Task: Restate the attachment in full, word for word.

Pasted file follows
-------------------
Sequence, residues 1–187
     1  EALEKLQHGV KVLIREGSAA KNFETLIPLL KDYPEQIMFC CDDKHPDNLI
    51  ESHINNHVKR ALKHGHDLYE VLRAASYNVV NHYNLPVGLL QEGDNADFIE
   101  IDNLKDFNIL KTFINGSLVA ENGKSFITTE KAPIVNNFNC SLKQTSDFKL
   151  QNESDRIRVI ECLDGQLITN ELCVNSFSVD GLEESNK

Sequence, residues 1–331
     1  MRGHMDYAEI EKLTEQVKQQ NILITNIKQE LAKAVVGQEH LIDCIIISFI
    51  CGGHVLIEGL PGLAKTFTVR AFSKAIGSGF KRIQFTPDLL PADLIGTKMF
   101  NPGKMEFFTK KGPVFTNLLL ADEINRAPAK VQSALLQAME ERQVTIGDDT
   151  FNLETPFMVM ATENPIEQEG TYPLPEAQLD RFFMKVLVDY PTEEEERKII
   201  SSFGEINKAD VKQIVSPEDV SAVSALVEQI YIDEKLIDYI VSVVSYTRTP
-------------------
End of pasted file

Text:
Sequence, residues 1–187
     1  EALEKLQHGV KVLIREGSAA KNFETLIPLL KDYPEQIMFC CDDKHPDNLI
    51  ESHINNHVKR ALKHGHDLYE VLRAASYNVV NHYNLPVGLL QEGDNADFIE
   101  IDNLKDFNIL KTFINGSLVA ENGKSFITTE KAPIVNNFNC SLKQTSDFKL
   151  QNESDRIRVI ECLDGQLITN ELCVNSFSVD GLEESNK

Sequence, residues 1–331
     1  MRGHMDYAEI EKLTEQVKQQ NILITNIKQE LAKAVVGQEH LIDCIIISFI
    51  CGGHVLIEGL PGLAKTFTVR AFSKAIGSGF KRIQFTPDLL PADLIGTKMF
   101  NPGKMEFFTK KGPVFTNLLL ADEINRAPAK VQSALLQAME ERQVTIGDDT
   151  FNLETPFMVM ATENPIEQEG TYPLPEAQLD RFFMKVLVDY PTEEEERKII
   201  SSFGEINKAD VKQIVSPEDV SAVSALVEQI YIDEKLIDYI VSVVSYTRTP